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Could The Chetco Bar Fire Have Been Prevented?

The Chetco Bar Fire, near Brookings on Oregon’s south coast, simmered for weeks in the scars of previous fires in the Kalmiopsis Wilderness before breaking out in mid-August. As the fire raced across the landscape, driven by high winds, the firefighting effort came under growing criticism.

For a few weeks in late summer, Chetco Bar was the nation’s top priority fire. It burned in an area of more than 191,000 acres, forcing hundreds of people to evacuate and destroying several homes. It also – along with other major fires — created unhealthy air quality over western Oregon and northern California. As the fire grew and the air thickened, tempers flared.

“It’s horrific. And there is no f#@%ing excuse for it whatsoever. The US Forest Service could have prevented this easily, and they didn’t.”

That’s Rogue River resident Ken Lewis. On his YouTube video blog, Lewis accused the Forest Service of allowing the Chetco Bar fire to burn as part of a liberal agenda. Conservative talk radio host Bill Meyer at KMED in Medford repeatedly blasted the Chetco Bar Fire response.

“I have no doubt that the terrain where this started, the original quarter acre, is very difficult and possibly dangerous for on the ground," he said. "But it could have been taken care of back then with a few helicopter buckets. And then we would be talking about what a great summer we’ve having.”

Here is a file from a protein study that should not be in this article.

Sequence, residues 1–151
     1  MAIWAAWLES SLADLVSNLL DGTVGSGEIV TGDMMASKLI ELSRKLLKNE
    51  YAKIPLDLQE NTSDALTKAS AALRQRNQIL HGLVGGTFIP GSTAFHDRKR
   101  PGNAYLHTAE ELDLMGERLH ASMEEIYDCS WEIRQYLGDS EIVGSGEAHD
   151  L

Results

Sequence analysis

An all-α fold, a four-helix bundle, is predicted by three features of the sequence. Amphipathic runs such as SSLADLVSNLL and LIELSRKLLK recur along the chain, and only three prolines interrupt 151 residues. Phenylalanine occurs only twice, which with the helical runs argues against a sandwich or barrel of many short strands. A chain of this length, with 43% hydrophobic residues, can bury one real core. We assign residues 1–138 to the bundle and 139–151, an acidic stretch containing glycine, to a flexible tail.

Angry tweets and Facebook posts amplified the indignation.

This is the atmosphere Forest Service officials faced at a public meeting in Brookings on Sept. 28. About 120 people showed up at the high school gym to hear what fire managers had to say.

Craig Trulock, with the Rogue River-Siskiyou National Forest, denied the fire was deliberately allowed to burn.

“Just wanted to state right off, this was never a fire that we wanted,” Trulock told the crowd. “Y’know, this was a suppression fire. The decision was made within 15 minutes.”

Fire officer Monty Edwards assumed command of the fire on July 13, the day after it was first reported. Edwards said firefighters who rappelled into the remote scene struggled with steep, unstable slopes. He said it soon became clear the terrain was too treacherous to keep firefighters on the ground. 

“The lack of safety zones and escape routes became really evident that we’re probably gonna get somebody hurt if we remain engaged like we are,” he said.

The decision was made to pull back and figure out a better way to attack the fire. Edwards dismissed the claim that a few aerial water drops could have killed the fire early on.

“They can’t do it alone with just aviation assets,” he said. “You need someone the ground to go in direct and knock out the fire on the ground. That’s basic firefighting.”

In fact, Edwards said, during the first day helicopters had dropped more than 50 buckets containing over 17,000 gallons of water.

Long-time Medford resident John Prendergast was on the national fire management team that took command on July 29. Prendergast told the crowd at Brookings-Harbor High School that a rising toll of firefighter deaths has led to a national policy.